INTRODUCTION Th e property tax has long been the primary local source of funding for schools and, along with state aid, provides the lion’s share of total resources for schools. In recent decades, though, the property tax has come under siege as a source of revenue for schools. Th e principal charge has been that, since property wealth is unequally distributed across school districts, reliance on this source of revenue results in unacceptable differences in property tax rates, property revenues per pupil and, most importantly, spending per pupil across districts. Th e property tax is also criticized for being inequitable, ineffi- cient, and complex. Dissatisfaction with the tax has grown as evidenced by the number of attempts to constrain spending and limit access to taxes, including the property tax (Downes & Figlio, this volume). 1 Among the possible explanations for the declining support for property taxes are demographic shift s in the form of a rising elderly share and a declining school-age share of the population. In this chapter, we examine the various charges against the property tax as a means of funding schools and compare it to alternative sources of revenue such as sales and income taxes.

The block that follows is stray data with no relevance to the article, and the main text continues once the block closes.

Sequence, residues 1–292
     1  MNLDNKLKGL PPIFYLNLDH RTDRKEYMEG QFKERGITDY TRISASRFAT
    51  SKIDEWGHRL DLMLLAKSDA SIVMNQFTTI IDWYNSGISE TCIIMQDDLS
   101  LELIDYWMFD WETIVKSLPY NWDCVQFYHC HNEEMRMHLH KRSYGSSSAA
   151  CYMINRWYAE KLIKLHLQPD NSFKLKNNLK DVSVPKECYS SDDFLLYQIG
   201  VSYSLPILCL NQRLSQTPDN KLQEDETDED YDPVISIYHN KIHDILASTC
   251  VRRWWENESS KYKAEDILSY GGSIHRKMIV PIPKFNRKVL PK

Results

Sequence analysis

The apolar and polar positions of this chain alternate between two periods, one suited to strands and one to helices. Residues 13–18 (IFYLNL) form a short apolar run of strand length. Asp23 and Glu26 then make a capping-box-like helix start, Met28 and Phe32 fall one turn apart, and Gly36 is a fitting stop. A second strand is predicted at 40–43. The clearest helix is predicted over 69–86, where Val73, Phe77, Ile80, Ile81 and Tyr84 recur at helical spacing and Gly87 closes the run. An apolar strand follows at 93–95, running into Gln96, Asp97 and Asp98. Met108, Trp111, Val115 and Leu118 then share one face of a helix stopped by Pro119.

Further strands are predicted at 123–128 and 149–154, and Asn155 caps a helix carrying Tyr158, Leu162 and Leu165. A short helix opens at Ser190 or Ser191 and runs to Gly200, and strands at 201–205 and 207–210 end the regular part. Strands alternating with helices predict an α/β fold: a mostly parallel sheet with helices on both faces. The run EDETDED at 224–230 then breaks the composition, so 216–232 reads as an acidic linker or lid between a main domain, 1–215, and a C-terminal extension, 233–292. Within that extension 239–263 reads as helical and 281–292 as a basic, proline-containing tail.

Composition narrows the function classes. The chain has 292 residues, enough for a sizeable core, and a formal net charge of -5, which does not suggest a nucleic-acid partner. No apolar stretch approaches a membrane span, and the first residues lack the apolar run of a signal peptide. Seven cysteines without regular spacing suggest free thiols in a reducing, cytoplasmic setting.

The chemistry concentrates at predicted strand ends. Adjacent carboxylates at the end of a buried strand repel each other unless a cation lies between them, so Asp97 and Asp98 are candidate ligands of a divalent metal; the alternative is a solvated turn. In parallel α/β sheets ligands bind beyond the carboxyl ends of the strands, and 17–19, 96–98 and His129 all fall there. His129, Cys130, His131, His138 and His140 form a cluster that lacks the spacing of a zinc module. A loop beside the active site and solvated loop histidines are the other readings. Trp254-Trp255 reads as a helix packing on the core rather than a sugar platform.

|Original language||English (US)|
|Title of host publication||Handbook of Research in Education Finance and Policy, Second Edition|
|Publisher||Taylor and Francis|
|Number of pages||16|
|State||Published - Jan 1 2014|
ASJC Scopus subject areas
- Social Sciences(all)